How better regional councils can improve municipal governance

August 28, 2020 08:30
Photo: Reuters

The District Council elections in November 2019 led to some rather surprising results. The non-establishment camp received the majority across 17 out of 18 District Councils. As a result, the elections apparently destroyed the talent ladder and massively drained the public resource pipeline upon which the establishment camp had been greatly dependent.

Although the non-establishment camp won most of the seats in most of the District councils, the District Council as an advisory-cum-consultative organ , only has limited power in public affairs. The administration served the public in its own way. Yet it’s worth noting that governance, in virtue of its nature, always necessitates inter-departmental collaboration in resolving problems and engendering genuinely responsive policymaking.

Apparent need to improve interdepartmental collaboration and communication

Prof. Anthony Cheung, the former Secretary for Transport and Housing, advocated his ideas to tackle 3 constitutional affairs. One of his proposals was to reform District Councils into larger regional councils, such that they operate not only as consulting organs, but are also granted greater mandate and power to govern. Under the status quo of executive-led governance, the administration tends to be the primary agent discharging the government’s duties and responsibility towards the society, which has only left every citizen with a bitter aftertaste and the belief that much is left to be desired.

Take for example the issue of overspilling and clogged storm water drains. We may think that the Drainage Services Department (DSD) is the only government agency that is pertinent here. Yet the over-bureaucratisation of the affair means that the DSD is by no means the only responsible agency - after all, DSD only repairs and cleans up sediments of public sewer and storm drainage systems on a regular basis. If the source of the blocking objective is “on the road”, the Food and Environmental Hygiene Department (FEHD) and the Highways Department must be involved in order to dispense routine rubbish cleansing services. In short, solving one problem would behove 3 departments - with neither genuine cross-departmental efficiency nor real reason for such “compartmentalisation”, the inefficiencies we see today are neither inevitable nor conducive towards effective governance Ideally, officials should delegate such responsibilities (concerning municipal governance) towards the District Councils, such that they - as the “first line of response” in the governance pipeline - could directly tackle these issues, in lieu of protracted back-and-forth amongst government departments.

Returning the Power to Govern to District Councils

If we look at the long history of municipal services in the city, Hong Kong had, at one point, had most of its municipal affairs governed and managed by an entity named the Urban Council. The Urban Council, with its jurisdiction spanning Hong Kong Island and Kowloon, was given financial autonomy in 1972 - which meant the budget could be planned without the approval of the Legislature. The Council's services included: recreational venues and activities, libraries, museums, cultural and entertainment venues, ticketing, wet markets, hawker registration and control, cremation, street cleansing, issuing licenses, and operating abattoirs.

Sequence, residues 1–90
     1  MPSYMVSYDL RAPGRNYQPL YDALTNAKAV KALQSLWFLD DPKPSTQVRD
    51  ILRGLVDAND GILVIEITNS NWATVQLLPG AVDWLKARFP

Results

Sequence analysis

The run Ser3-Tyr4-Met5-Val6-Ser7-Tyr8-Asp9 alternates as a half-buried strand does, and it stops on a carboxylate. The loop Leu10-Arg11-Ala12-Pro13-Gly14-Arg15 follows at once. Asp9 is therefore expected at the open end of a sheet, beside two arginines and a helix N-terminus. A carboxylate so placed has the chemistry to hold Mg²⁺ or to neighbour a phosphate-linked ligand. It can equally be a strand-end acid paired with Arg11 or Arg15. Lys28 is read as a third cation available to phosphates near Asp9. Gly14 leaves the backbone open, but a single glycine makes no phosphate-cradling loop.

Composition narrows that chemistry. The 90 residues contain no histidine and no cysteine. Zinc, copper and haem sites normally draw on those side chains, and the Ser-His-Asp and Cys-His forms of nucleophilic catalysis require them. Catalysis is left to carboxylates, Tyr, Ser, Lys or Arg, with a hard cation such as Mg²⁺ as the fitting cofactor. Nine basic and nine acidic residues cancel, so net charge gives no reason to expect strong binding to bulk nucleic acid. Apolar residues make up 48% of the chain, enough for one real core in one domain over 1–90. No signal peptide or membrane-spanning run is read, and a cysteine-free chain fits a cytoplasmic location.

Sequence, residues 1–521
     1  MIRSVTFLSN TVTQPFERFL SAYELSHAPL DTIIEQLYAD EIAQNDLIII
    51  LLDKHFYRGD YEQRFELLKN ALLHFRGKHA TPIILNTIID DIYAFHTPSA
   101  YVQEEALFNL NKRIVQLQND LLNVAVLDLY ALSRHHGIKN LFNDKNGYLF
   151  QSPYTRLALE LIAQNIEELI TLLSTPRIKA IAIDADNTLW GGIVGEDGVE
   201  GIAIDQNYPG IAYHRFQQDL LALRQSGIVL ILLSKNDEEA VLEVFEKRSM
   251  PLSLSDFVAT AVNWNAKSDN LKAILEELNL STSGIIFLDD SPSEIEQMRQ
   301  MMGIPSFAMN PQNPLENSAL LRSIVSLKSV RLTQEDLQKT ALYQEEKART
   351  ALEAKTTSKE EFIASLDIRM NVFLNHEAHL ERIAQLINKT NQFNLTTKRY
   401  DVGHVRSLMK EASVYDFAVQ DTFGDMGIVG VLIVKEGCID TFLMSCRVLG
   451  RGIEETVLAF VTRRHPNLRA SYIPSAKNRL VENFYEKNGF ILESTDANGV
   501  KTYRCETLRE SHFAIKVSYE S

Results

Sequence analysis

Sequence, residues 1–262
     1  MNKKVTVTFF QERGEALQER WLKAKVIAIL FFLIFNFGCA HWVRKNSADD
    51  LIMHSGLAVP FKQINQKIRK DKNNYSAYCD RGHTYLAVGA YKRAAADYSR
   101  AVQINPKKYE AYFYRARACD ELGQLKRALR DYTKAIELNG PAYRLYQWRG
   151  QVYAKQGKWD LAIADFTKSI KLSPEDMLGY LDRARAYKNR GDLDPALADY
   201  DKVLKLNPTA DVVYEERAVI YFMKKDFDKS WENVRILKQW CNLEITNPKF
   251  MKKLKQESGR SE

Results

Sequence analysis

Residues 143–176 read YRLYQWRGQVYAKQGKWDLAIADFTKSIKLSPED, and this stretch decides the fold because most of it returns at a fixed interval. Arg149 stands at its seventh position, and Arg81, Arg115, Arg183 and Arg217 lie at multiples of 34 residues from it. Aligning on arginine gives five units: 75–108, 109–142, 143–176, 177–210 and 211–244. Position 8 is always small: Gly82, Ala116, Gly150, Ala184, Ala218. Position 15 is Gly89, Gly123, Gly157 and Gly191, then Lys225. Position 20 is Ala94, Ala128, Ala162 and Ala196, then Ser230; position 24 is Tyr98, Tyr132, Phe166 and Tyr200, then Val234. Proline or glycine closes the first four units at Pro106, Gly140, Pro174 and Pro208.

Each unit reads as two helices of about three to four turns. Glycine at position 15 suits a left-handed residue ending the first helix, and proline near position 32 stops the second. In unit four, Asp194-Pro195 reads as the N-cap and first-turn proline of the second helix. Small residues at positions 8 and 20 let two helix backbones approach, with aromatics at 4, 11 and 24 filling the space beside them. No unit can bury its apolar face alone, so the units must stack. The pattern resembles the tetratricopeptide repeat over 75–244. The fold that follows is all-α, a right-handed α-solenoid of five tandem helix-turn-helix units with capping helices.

The equivalent body for the New Territories was the Regional Council. The above services were provided by the council's executive arm-the Urban Services Department - until 1999. The government announced the reformation of municipal services, commonly known as the abolishment of urban council. Despite the promise by the Government on power return to the District Council, in fact the power was taken up by newly created government departments.

The more power in the hands of the region councils, the better the quality municipal services

The abolition of the Urban Council precipitated the poor governance in municipal services, and effectively destroyed the talent ladders of all camps in Hong Kong. “Successfully advocated (成功爭取)” - the well-known, almost memeable slogan by all politician - is a damning indictment of the lack of creativity and proactivity on the part of elected legislators: that even “successes” as petty as the installation of a traffic light are touted with much fanfare, suggests that elected lawmakers lack both the initiative and resolve to enact thorough changes on the ground. Reforming the District Council and related government departments is thus instrumental in ensuring better governance.

Reorganizing the 18 District Councils to 5 Regional Councils, Members of the Council could reorganise the community development and municipal services in the bigger picture. At the same time, the Leisure and Cultural Services Department(LCSD), Home Affairs Department(HAD) and FEHD should be broken down into 5 Urban Services Departments under the leadership of the Council.

There are opinions that the former Urban Council and Urban Service Department had too much power, such that it undermined the efficacy of the executive-led administration. Here, I suggest that the chief official of the Urban Services Department should be incorporated into the cabinet as an appointed official: this would be pivotal in regaining the trust of the Hong Kong people.

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BEd (Chinese History) at EdUHK